• Roughly 500 g of cucumber, about 6 smaller ones or maybe 2 large ones...really, just use a scale
  • 30 g raw sugar or honey
  • 2 eggs 
    • I used duck eggs, but you can use chicken eggs if that's what you have
  • 5 g yeast
  • 300 g all-purpose flour
  • **Optional: 25 g sourdough starter
  • **Optional: sesame seeds and dried fruit, for fun
Measure your cucumbers on a scale and chop them up. Mix them with the sugar and eggs, just to break up the yolk and coat everything, and then pop everything in the blender. This is the fun part! 

Duck eggs have a larger yolk than chicken eggs, which means they are fattier and have a higher amount of omega-3s! Please note, duck eggs are much richer than chicken eggs, so they will change cakes slightly if used to bake with! 

You're going to want to start on low, and then move it up to medium-high speed. Make sure the stuff is incredibly smooth! The skin will blend just fine. Cucumber has high water content, so you don't need to add water to blend this into a liquid. The skin is packed full of nutrients, and the seeds - when crushed - will help release some good stuff as well. Don't stop blending until you know it's absolutely liquid, which should take about 2 minutes. I know it seems like a long time, but it's worth it.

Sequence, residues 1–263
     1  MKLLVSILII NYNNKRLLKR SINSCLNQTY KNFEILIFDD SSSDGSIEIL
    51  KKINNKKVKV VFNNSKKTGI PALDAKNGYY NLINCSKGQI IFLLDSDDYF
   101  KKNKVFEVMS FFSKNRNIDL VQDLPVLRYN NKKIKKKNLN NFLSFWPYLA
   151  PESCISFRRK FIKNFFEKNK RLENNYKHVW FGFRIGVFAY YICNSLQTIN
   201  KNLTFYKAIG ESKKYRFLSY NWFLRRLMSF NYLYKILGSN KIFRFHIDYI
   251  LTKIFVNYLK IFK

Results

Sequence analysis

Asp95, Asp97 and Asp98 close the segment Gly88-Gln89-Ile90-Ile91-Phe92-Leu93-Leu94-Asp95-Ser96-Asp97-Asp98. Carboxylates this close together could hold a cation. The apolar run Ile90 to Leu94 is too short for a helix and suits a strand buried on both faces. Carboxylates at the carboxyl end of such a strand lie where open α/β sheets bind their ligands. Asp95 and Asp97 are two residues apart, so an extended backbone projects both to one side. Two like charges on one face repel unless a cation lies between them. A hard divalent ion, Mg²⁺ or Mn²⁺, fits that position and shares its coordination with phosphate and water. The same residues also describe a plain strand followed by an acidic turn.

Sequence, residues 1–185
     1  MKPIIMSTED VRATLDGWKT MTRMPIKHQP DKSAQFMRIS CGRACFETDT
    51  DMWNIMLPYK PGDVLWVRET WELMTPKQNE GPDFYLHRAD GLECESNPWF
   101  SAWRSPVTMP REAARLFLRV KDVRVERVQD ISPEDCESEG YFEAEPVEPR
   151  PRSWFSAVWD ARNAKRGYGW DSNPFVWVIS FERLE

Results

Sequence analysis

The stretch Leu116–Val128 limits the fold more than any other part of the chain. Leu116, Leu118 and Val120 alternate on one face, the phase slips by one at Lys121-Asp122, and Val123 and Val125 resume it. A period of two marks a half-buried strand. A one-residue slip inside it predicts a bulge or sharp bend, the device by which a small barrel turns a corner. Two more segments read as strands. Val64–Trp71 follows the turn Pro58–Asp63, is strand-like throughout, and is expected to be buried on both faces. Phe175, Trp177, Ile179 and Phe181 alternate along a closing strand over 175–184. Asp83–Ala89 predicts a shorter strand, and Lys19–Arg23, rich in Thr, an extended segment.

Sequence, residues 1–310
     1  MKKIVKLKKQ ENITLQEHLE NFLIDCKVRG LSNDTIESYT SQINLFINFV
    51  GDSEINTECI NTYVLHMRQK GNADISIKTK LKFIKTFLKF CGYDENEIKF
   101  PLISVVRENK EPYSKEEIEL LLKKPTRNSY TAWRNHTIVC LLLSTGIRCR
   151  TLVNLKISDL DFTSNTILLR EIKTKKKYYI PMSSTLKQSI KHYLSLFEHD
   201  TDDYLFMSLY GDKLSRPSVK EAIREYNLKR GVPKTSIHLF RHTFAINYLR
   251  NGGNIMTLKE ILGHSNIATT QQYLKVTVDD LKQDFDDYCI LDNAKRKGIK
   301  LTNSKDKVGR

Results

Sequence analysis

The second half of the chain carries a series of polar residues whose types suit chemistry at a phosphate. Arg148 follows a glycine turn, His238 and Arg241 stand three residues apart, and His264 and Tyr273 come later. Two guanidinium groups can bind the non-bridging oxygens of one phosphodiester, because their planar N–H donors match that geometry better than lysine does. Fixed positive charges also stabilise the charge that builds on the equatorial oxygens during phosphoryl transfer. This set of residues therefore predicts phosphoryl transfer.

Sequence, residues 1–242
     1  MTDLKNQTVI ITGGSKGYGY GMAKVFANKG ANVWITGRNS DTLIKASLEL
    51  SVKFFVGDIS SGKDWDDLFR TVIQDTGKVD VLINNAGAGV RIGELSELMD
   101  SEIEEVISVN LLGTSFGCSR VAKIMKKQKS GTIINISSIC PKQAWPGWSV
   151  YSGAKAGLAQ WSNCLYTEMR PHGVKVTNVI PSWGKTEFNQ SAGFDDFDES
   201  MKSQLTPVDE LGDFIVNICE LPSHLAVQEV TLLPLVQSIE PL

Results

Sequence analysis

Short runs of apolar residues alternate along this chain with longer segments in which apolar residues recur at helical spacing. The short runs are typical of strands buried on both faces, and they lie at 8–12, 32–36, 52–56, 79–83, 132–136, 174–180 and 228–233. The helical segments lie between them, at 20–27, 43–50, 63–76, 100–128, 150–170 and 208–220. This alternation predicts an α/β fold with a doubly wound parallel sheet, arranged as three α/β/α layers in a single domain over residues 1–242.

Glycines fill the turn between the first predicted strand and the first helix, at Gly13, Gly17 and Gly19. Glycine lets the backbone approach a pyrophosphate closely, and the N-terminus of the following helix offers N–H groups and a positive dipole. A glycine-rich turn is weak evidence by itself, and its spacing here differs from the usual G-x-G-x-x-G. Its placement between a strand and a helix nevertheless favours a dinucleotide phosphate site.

Add your liquid to a large bowl. Sprinkle in the yeast, and stir. Add in your flour, and stir - with a spoon or a pair of chopsticks - gradually until it becomes quite a thick paste. You'll want some gluten, so the stirring will take a little time, about 3 minutes. When it becomes a thick and smooth paste, you may add in some dried fruit or sesame seeds, just in case you want a little extra flavor and crunch. 

Oil the pan you want to use. I would choose a tall cake pan with high sides, as this will rise - rather quickly, in fact - and double in size. It's a wet dough, so you won't be taking it out of the pan and shaping it for a second prove. This is more like a cake than it is a loaf of bread, but don't hold that against it. Either way, dump your lovely green paste into this pan, cover it, and leave it to proof in a warm place. It's rather quick to rise, so it shouldn't take more than an hour to double in size. 

While we're waiting, let's talk about farmer's boxes!

This is my Farmer's box from Prairie Birthday Farm, a local place not far from me!